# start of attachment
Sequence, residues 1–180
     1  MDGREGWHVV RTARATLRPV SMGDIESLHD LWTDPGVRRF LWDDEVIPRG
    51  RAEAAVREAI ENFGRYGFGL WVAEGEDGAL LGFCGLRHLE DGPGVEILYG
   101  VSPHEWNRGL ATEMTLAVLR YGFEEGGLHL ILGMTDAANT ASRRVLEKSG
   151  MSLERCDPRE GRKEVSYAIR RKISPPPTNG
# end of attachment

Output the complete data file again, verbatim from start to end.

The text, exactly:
Sequence, residues 1–180
     1  MDGREGWHVV RTARATLRPV SMGDIESLHD LWTDPGVRRF LWDDEVIPRG
    51  RAEAAVREAI ENFGRYGFGL WVAEGEDGAL LGFCGLRHLE DGPGVEILYG
   101  VSPHEWNRGL ATEMTLAVLR YGFEEGGLHL ILGMTDAANT ASRRVLEKSG
   151  MSLERCDPRE GRKEVSYAIR RKISPPPTNG